By Kaitlin Vanderhoff, LCSW
The New Jersey Society for Clinical Social Work is filled with members and leaders who are, by our very nature, advocates for social justice and equality. With the progression of the Black Lives Matter movement we felt it was important to publish a message as a means of showing support and as a reminder of our responsibilities as social workers to be knowledgeable advocates for such causes.
As Social Workers many of the articles in our code ethics direct us to both seek to understand and advocate for those who face oppression.
For instance, Article 1.05 says “(c) Social Workers should obtain education about and seek to understand the nature of social diversity and oppression with respect to race, ethnicity, national origin, color, sex, sexual orientation, gender identity or expression, age, marital status, political belief, religion, immigration status and mental of physical ability."
Not only are we bound to be aware of social diversity and oppression and its impact in our society but we are further bound to engage in political action and advocate for these groups. Article 6.04 states that “(a) Social workers should engage in social and political action that seeks to ensure that all people have equal access to the resources, employment, services and opportunities they require to meet their basic human needs and to develop fully. Social workers should be aware of the impact of the political arena on practice and should advocate for changes in policy and legislation to improve social conditions in order to meet basic human needs and promote social justice."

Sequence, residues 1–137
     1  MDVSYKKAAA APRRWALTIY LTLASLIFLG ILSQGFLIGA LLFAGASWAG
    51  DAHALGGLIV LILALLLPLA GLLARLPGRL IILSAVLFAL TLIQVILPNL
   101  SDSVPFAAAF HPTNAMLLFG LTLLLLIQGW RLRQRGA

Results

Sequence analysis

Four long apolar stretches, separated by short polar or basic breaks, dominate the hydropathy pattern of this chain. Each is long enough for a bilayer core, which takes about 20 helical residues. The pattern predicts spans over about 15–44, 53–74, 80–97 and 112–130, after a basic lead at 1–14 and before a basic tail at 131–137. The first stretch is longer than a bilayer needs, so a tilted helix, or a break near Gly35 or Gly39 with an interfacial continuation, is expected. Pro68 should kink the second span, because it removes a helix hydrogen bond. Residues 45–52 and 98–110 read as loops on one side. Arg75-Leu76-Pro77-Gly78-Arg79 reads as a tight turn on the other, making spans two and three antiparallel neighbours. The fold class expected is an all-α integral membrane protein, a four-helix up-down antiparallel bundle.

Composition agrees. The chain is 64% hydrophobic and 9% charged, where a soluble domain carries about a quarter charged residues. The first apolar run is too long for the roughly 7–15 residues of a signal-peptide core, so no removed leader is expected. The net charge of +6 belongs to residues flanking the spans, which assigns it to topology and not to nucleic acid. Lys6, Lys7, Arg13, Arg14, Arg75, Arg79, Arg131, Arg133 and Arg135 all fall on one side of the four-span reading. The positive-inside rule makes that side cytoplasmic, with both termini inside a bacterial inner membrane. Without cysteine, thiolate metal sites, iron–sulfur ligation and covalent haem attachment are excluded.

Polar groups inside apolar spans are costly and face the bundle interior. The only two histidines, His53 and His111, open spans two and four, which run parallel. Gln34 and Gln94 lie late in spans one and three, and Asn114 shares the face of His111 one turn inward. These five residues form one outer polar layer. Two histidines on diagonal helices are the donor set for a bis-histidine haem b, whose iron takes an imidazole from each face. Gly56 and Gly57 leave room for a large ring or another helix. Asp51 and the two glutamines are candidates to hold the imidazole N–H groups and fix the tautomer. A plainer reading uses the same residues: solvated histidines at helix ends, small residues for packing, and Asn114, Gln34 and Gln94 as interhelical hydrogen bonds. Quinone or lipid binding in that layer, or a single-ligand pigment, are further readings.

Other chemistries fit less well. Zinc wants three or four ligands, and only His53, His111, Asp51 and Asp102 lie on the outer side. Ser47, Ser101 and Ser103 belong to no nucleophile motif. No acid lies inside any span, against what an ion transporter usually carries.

The final article I will mention, which doesn’t even encompass all of the articles surrounding this issue within the code of ethics is Article 6.04 (d) which reads that, “Social Workers should act to prevent and eliminate domination of, exploration of, and discrimination against any person, group, color, sex, sexual orientation, gender identity or expression, age, martial status, political belief, religion, immigration status or mental of physical disability."
With so many articles in the code of ethics for social workers it can be difficult to always remember what we once pledged to follow and stand for as social workers. My hope is that this article will serve as a reminder on behalf of the NJSCSW of what our responsibilities are as social workers and the importance of our participation during this difficult and revolutionary time in history.